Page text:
Do We Need To Be Worried About Technology Addiction? Study Shows 34% Of People Have Difficulty Unplugging

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Modern technology has shaped the world for decades now. It has pervaded every aspect of our daily lives, from work, communication to even entertainment. This has been especially true over the past decade, with the rise of the smartphone. As consumer technology has become cheaper and more accessible, adoption has grown exponentially. In many ways, this has been a boon for countless people, providing opportunities that simply weren’t possible before. Now, an overwhelming majority of the world has access to phones, computer and other devices which rule the modern world. However, just like any other thing of similar scale, technology has significant downsides that must be identified and analysed. A recent study from GfK has found that nearly 34% of global Internet users exhibit signs of technology addiction and has trouble disconnecting from it.

Let us have a closer look at this troubling trend, its causes and potential ramifications.

People Under The Age Of 40 Are Addicted To Technology

technology addiction

The study finds a direct correlation between age and technology addiction. The most acute case found to be suffered by technology addiction was teenagers between 15-19, with a whopping 44% finding it difficult. Young adults between 20-29 were not too far behind, 41% of them agreed that they are finding it difficult to disconnect. The case is similar with people aged 30-39, where 39% of respondent exhibited a reluctance to take a break from tech. Perhaps, predictively people in the 60+ age bracket had the easiest time breaking free of technology, with only 15% having trouble doing so.

Meanwhile, the percentage of people who do not find it difficult to take a break from technology follows an opposite trend. This category is led people aged more than 60, with 33% having no difficulty to take the break from technology. On the opposite end of the spectrum, very few people aged between 20 and 29 years find it easy to disconnect; even more so than those aged between 15 and 19 years. This is likely because this age group also utilises these devices for work-related activities besides just communication and entertainment.

China Suffering From  An Epidemic Of Tech Addiction

Of course, like most addiction phenomena, percentages vary wildly from country to country. China, Brazil and Argentina were found to be the most addicted countries, with 43%, 42% and 40% of respondents, respectively, are finding it difficult to unplug. On the other hand, Netherlands, Japan, Germany and South Korea had their addictions under control, with only 17%, 17%, 19% and 20% of people find it difficult to unplug. If we factor in the percentage of people who don’t find it difficult to take a break from technology, Germany comes out on top with 35%. Netherlands and Belgium follow them with 30% and 28%, respectively.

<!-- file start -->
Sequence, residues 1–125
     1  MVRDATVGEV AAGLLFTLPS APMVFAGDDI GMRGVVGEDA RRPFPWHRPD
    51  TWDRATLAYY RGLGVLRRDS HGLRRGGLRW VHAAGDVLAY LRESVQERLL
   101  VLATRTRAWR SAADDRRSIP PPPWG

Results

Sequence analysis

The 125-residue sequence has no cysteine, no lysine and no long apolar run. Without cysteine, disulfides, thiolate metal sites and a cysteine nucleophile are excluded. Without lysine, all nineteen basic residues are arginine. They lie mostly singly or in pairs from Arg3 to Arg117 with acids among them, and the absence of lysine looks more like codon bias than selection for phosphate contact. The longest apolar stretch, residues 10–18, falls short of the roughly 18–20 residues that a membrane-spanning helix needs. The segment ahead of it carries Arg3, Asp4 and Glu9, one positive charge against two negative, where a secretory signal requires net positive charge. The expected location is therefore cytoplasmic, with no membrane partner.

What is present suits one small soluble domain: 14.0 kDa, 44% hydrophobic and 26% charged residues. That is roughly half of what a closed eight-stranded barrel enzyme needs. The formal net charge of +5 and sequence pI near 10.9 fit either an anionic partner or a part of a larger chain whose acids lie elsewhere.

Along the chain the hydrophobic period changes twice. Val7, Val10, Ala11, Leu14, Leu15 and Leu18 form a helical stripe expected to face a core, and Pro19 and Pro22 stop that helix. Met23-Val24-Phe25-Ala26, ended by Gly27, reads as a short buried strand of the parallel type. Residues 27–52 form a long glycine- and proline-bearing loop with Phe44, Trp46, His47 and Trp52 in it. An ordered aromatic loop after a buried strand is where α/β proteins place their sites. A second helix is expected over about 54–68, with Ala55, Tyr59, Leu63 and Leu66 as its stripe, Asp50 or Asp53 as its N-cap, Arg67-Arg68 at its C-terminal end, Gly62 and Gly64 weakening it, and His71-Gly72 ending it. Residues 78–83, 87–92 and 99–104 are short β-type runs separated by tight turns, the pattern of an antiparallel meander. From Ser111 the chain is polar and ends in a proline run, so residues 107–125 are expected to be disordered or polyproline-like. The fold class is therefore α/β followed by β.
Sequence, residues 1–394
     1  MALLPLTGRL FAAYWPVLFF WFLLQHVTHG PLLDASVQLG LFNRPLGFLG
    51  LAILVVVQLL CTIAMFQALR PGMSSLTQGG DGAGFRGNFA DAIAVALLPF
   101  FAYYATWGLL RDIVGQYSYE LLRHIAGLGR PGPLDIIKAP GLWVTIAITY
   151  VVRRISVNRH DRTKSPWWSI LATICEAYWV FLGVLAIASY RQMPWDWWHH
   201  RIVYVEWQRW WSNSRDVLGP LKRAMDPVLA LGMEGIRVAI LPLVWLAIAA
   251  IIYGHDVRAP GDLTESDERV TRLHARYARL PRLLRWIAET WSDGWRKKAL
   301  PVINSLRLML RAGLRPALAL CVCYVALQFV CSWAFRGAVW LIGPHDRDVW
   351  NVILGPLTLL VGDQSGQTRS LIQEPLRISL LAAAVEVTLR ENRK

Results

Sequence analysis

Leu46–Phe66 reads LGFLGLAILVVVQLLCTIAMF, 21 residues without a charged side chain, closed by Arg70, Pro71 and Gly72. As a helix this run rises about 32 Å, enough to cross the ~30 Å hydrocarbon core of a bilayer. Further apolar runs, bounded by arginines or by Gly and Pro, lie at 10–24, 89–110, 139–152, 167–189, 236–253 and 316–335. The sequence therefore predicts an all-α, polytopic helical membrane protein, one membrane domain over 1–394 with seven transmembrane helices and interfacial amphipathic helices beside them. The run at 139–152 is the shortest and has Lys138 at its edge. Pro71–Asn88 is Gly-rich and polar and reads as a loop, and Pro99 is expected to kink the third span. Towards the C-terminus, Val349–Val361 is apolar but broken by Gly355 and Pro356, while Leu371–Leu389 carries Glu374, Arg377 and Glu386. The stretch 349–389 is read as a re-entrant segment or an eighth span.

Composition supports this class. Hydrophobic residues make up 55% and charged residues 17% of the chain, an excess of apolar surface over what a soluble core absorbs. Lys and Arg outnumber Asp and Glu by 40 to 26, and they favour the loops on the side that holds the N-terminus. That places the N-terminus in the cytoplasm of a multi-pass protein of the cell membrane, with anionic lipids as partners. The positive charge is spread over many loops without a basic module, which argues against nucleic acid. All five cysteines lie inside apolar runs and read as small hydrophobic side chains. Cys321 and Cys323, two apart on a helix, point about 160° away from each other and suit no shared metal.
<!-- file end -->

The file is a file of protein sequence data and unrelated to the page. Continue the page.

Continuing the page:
China and Argentina perform exceptionally poorly here, with a mere 5% and 16%, respectively finding it easy to unplug. This stands to highlight the severe problem in China. Their cases of digital addiction are widespread and sometimes extreme. People suffering from technology addiction are found to be on their devices 24/7, subsisting on only one meal a day. They even avoid going to the toilet, with some going as far as to wear diapers! This is making these people, a significant proportion of whom are children, devoid of basic communication and household skills. In fact, the situation is so dire, that many people have had to be enrolled in special rehabilitation problem that focuses on treating technology addictions.


As technology addiction is still not recognised as a medical ailment in many countries, research into it is limited. We do, however, have some information about what triggers such an addiction.

  • FOMO – FOMO or the “Fear Of Missing Out” is a common phenomenon where people feel the need to be connected to feel included and up to date. This is especially the case with social media and one of the biggest drivers of social media addiction.
  • Feeling Of Achievement And Competency – Everyone wants to feel competent and powerful. Often people use technology, and video games in particular as an escape from the real world and to gain that feeling of achievement.
  • Easy Access – Devices like smartphones, tablets, laptops, etc. are ubiquitous today. Children have access to them from a very young age now, which creates a lifelong dependency.
  • Dopamine – Dopamine is a neurotransmitter that is released by the body as a “reward”. It is often associated with activities like drugs, gambling, food and sex. Studies have found that technology use can often trigger dopamine release.


There is no doubt that technology addiction is a growing menace, and something we must tackle as soon as possible. It has some very real and dire consequences. The biggest side effect of the ongoing trend is the deteriorating health of the individual. Tech addiction often leads to a neglect of basic healthy nutrition, exercise and hygiene habits. This can cause a whole medley of long term and life threatening diseases. It can also lead to eyestrain and poor posture.

Another common consequence is social isolation due to a lack of social skills. People addicted to technology rarely interact with “real” people, and this can lead to depression and even suicidal tendencies.

Of course, just like any addiction, tech addiction is also devastating to a person’s daily life and career/academics. Spending too much time on devices can often lead to unsatisfactory academic or job performance. It can also result in degrading relationships with to those near to us.


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